A government audit says Bannister officials wrongly withheld a
document on toxic contamination from its response to an NBC Action
News Freedom of Information Act request.
The missing January 7, 2005 letter from the Missouri Department
of Natural Resources to General Services Administration is critical
of the GSA’s investigation into trichloroethylene (TCE) near
the complex’s day care.
“While the impact of this letter is not fully known at
this time, it nevertheless should have been produced to comply with
FOIA requirements,” wrote Regional Inspector John Walsh with
the GSA’s Office of Inspector General in his report.
Shortly after Walsh released his report, GSA officials obtained
the missing eleven page document and released it to NBC Action
“We apologize that such an oversight occurred,” said
Regional Administrator Jason Klumb in a statement. “GSA will
take the necessary corrective actions to help prevent a similar
occurrence in the future.”
Klumb has called for a review of the agency’s Freedom of
Information Act process.
An agency spokeswoman estimated the GSA had provided NBC Action
News 31,000 pages of documents in response to our original FOIA
The Office of Inspector General also provided copies of the
report to congressional offices in Washington.
“We expect all of our Federal agencies to be responsive to
FOIA requests,” said Congressman Emanuel Cleaver. “I
will be speaking with the administrator about this issue and will
ask him to explain how and why this letter was not produced as a
result of a lawful request.”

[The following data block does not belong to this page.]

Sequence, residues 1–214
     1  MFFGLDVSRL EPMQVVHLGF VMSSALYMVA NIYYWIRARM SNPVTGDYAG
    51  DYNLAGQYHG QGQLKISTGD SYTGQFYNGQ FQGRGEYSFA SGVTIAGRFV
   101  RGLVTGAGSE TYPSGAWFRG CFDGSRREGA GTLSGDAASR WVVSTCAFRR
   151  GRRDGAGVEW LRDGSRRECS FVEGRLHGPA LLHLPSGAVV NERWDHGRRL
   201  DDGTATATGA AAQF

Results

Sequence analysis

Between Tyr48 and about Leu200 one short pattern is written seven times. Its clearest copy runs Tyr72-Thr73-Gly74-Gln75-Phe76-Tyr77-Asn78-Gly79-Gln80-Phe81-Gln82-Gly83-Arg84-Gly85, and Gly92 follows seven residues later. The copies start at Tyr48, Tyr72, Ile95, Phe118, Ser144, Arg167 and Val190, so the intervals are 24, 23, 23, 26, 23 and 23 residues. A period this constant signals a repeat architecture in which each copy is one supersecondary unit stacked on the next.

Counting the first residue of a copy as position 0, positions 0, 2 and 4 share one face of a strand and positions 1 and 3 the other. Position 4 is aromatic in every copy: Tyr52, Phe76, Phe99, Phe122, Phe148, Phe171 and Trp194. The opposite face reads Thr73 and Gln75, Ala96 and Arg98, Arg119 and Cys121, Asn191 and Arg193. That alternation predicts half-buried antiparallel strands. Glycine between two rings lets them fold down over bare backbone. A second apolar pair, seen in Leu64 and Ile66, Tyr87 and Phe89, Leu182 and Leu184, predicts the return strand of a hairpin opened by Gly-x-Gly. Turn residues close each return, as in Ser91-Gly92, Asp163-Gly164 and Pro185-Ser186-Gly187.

“Senator Bond feels strongly that the GSA should be
complying fully with all FOIA requests and looks forward to the
Inspector General’s full report,” said Jordan Clothier
in the office of Sen. Kit Bond.
The report that was withheld identifies multiple failures
identified by Missouri officials in the way the GSA was reporting
on and controlling toxins.
“As you will see from the review, we fear the GSA is not
taking the correct approach to investigate and remediate this
site,” wrote MoDNR Environmental Engineer Scott Honig.
Honig also criticized GSA conclusions that suggested
contamination levels were decreasing.
“There is no basis for this conclusion and it is not
backed up with data from the DOE (U.S. Dept. of Energy),”
Honig wrote. “Please provide data for this conclusion or
In the missing document, the MoDNR official criticized existing
GSA safety plans and encouraged GSA officials to create a stronger
plan to identify health concerns.
“The risk management plan will identify activities to be
implemented to protect human health and the environment,”
Honig wrote. “The current document provides no plan for
source removal, no information on operational time frames for a
pump and treat system, or a plan for institutional controls or